200mm at f/5.6 (wide open)

 

Canon 70-300mm DO IS Disortion
300mm at f/5.6 (wide open)

If you're looking at it through a microscope as is easy to do here, the Canon 70-300mm DO IS is softer wide open at the wide end. I show the same shots at f/11 above under color fringes, which are much sharper.

This is an extreme test. In real shooting none of this is visible, but you may see camera-shake induced blur at the longer end, even with IS.

IS (Image Stabilization)

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The Canon 70-300mm DO IS is the only IS or VR lens I've ever used whose stabilization didn't work astoundingly well. It certainly improves the image over no IS, but even with IS ON it's not good enough to let me get perfect results all the time at ISO 100 in daylight at 300mm, and I have hands of iron.

It works great at the shorter focal lengths. The problem is that it's the least effective at 300mm where it's the most critical, giving me a real improvement of only 1-2/3 stops.

The Canon 70-300mm DO IS is so light and short, like a mirror lens, that it's much more prone to shaking that heavier or longer lenses with more rotational inertia.

Canon 5D, IS OFF, Percent Perfectly Sharp Shots, Hand-Held

This lists the percentage of sharp shots that I get at each setting. Sharp means perfect sharpness at 100% (44" or 1.1m wide prints). For normal size prints one can use much slower speeds and not see anything wrong.

 
1/2
1/4
1/8
1/15
1/30
1/60
1/125
70mm
0
0
0
40
70
100
100
100mm
0
0
0
0
33
50
67
135mm
0
0
0
0
33
80
80
200mm
0
0
0
0
16
33
100
300mm
0
0
0
0
10
0
80

Canon 5D, IS ON, Percent Perfectly Sharp Shots, Hand-Held

 
1/2
1/4
1/8
1/15
1/30
1/60
1/125
70mm
5
15
40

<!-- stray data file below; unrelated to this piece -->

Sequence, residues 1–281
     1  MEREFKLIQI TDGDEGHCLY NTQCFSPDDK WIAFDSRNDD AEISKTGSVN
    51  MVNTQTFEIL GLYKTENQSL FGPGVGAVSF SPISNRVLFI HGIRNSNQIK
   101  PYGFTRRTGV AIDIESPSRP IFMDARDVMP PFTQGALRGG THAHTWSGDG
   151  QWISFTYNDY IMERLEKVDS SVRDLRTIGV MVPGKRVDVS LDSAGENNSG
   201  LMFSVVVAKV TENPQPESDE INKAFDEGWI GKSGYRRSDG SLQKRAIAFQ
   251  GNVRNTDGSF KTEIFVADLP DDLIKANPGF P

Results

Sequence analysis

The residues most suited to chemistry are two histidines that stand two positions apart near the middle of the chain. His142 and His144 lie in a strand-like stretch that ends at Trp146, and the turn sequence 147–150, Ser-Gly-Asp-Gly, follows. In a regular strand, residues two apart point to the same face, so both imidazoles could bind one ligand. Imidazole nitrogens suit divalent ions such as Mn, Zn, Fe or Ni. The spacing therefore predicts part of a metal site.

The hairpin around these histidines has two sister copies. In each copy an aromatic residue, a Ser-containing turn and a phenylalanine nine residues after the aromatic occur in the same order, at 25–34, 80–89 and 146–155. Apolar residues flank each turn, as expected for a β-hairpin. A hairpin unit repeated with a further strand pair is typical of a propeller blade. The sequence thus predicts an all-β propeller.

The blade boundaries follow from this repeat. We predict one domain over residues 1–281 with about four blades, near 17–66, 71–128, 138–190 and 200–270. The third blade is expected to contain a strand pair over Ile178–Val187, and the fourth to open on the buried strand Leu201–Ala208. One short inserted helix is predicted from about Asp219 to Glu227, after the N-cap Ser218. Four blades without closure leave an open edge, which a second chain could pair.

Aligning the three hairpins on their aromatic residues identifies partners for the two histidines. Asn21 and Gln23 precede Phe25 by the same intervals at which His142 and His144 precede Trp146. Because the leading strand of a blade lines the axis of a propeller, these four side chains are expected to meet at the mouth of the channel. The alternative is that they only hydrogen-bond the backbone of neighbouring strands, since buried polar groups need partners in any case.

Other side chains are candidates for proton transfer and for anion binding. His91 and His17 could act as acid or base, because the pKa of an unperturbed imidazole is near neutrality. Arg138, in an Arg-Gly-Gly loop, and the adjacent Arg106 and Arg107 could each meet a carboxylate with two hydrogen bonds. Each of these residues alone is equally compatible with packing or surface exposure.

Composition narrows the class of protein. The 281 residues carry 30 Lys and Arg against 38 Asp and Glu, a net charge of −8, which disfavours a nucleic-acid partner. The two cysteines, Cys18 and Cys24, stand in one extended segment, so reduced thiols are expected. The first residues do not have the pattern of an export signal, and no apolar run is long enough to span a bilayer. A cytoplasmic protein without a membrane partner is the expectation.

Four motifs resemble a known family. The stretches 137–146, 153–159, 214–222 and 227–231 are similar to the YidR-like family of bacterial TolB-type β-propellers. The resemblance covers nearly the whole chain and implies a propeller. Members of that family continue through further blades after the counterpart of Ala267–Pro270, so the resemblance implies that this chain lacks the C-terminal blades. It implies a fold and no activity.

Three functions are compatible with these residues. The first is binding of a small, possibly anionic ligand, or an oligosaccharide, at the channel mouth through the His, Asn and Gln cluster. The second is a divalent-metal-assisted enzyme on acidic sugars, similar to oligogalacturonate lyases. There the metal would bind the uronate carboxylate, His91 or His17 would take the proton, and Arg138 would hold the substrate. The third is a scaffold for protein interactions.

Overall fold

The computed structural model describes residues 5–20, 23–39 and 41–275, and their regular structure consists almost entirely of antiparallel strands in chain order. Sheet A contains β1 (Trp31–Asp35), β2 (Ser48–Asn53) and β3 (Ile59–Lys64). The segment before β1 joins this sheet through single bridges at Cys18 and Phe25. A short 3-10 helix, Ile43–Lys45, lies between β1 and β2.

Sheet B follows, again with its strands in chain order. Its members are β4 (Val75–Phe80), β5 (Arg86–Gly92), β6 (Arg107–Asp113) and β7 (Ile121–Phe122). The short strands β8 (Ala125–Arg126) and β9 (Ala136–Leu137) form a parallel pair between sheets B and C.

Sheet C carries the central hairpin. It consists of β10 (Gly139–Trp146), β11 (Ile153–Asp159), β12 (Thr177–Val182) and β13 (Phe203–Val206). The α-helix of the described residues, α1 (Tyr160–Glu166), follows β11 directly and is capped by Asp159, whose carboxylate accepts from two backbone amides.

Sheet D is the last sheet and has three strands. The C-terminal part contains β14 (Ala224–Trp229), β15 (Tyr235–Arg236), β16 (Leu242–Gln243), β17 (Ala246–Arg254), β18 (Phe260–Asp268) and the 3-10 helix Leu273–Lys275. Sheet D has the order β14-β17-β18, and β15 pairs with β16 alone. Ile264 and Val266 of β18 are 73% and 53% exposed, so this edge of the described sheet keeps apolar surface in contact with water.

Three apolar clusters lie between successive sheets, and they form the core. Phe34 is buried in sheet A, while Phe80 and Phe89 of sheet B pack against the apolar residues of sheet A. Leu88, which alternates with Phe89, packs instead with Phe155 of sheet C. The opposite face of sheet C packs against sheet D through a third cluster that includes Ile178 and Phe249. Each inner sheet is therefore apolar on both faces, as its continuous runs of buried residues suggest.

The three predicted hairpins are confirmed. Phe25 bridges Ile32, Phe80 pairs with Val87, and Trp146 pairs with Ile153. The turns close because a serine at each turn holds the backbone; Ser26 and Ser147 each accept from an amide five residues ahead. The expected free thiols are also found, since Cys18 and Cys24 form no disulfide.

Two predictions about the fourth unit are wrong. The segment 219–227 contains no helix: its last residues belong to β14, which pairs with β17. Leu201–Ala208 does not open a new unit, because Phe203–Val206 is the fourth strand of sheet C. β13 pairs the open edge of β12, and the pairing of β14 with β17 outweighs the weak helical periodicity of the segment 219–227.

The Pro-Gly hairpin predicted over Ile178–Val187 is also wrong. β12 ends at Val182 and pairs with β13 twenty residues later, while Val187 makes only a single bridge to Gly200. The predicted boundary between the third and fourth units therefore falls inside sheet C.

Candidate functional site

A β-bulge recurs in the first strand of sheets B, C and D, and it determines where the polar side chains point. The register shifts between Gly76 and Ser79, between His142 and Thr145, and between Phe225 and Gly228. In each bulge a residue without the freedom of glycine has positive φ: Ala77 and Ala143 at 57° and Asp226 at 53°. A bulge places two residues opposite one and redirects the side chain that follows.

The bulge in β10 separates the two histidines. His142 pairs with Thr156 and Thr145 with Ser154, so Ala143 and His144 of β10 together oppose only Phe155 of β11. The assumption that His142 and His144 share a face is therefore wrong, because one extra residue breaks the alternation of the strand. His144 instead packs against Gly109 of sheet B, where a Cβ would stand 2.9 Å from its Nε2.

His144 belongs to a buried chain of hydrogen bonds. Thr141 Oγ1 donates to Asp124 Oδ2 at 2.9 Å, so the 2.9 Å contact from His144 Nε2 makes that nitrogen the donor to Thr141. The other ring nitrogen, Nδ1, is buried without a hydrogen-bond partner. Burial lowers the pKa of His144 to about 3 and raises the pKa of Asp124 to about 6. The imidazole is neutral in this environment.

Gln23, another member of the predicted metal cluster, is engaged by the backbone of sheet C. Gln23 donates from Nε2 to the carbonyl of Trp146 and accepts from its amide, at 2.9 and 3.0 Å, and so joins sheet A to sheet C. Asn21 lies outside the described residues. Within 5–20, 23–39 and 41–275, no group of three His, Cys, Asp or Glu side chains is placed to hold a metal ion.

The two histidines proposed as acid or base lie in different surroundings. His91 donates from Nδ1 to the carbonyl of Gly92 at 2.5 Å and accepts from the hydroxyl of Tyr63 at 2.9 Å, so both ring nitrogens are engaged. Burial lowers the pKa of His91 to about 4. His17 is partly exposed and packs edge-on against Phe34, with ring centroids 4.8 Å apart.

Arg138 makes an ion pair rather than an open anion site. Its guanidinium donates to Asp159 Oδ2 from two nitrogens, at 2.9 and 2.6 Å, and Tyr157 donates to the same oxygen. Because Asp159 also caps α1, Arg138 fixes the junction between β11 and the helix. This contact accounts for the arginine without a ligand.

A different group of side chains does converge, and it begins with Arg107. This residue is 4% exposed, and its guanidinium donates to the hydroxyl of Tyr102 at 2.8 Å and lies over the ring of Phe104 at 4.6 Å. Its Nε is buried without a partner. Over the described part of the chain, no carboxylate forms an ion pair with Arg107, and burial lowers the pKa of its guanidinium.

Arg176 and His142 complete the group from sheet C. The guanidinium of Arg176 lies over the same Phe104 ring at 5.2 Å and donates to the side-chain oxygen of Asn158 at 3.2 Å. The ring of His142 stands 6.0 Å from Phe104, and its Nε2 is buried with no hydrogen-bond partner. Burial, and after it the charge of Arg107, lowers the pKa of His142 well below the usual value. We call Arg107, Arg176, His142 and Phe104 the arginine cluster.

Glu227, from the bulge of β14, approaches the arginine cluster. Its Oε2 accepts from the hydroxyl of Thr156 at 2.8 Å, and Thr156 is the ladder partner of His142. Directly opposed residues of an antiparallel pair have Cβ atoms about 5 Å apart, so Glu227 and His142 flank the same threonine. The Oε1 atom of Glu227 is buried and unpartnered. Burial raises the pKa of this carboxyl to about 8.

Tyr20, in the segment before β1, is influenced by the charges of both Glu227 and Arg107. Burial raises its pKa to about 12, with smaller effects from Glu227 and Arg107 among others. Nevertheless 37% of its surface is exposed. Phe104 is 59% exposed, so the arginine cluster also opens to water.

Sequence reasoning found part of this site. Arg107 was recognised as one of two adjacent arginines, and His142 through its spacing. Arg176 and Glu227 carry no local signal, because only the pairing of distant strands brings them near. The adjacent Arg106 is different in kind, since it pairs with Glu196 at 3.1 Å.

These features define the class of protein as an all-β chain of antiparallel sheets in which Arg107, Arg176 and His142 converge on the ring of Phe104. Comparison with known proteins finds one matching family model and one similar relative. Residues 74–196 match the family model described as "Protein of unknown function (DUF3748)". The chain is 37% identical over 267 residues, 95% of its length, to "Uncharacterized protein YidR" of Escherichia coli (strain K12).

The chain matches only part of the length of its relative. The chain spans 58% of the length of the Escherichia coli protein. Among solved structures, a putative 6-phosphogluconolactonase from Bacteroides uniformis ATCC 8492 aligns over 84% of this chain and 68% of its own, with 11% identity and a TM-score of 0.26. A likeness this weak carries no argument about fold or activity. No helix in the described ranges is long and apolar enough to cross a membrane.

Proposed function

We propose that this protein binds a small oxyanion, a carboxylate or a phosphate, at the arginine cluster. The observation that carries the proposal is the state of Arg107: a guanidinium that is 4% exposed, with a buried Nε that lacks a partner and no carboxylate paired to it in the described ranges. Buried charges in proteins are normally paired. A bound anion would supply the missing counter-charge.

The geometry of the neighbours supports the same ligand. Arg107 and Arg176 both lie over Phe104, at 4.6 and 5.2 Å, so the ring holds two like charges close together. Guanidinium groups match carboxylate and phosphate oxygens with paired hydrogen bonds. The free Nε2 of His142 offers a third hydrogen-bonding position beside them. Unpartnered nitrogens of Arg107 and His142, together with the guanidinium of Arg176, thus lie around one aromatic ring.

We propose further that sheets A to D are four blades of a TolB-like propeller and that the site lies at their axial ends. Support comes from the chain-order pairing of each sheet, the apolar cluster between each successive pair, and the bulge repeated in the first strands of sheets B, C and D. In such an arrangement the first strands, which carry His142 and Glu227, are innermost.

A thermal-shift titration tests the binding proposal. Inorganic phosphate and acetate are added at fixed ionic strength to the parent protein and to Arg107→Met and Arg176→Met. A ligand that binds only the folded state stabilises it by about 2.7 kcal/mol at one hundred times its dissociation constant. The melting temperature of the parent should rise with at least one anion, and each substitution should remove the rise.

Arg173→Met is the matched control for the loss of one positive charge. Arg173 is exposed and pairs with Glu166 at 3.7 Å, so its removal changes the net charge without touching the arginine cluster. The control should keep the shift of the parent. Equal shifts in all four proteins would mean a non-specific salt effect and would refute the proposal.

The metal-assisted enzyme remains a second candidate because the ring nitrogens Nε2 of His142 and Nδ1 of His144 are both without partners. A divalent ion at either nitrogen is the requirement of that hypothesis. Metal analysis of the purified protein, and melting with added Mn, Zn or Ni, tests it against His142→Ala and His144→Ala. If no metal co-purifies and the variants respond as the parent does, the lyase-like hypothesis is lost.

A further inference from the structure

100
100
100
100
100mm
0
10
50
83
100
100
100
135mm
0
0
50
67
100
100
100
200mm
0
0
40
72
80
80
90
300mm
0
0
0
10
70
60
100

Now let's chart the slowest speed to get 50% sharp shots at each focal length, and with that, we can calculate how many stops we gain with IS.

"Real Stops Improvement" are how many extra stops I got, IS ON compared to IS OFF.

"Marketing Stops Improvement" isn't comparing the speed I can use from IS OFF to IS ON, but instead comparing the speed one can use with IS ON to the old-wives-tale speed of 1/focal length. That's called Lying with Statistics.

Slowest Speed with 50% Perfectly Sharp Shots, Canon 5D

 
IS OFF
IS ON

Real
Stops Improvement

Marketing
Stops Improvement
70mm
1/20
1/8
1-1/3
3
100mm
1/60
1/8
3
3-2/3
135mm
1/50
1/8
2-2/3
4
200mm
1/80
1/12
2-2/3
4
300mm
1/100
1/30
1-2/3
3-1/3

TIP: In dim light, fire several shots in the continuous shutter mode and pick the sharpest later. Blur is a random event, so if you fire enough shots, you'll eventually get a sharp one even at slow speeds!

Canon Rebel XTi, IS ON, Percent Perfectly Sharp Shots Hand-Held

 
1/4
1/8
1/15
1/30
1/60
1/125
1/250
70mm
0
16
16
67
100
100
100
100mm
0
40
50
50
100
100
100
135mm
0
10
50
82
90
90
100
200mm
0
15
15
60
70
80
100
300mm
0
5
20
20
80
50
80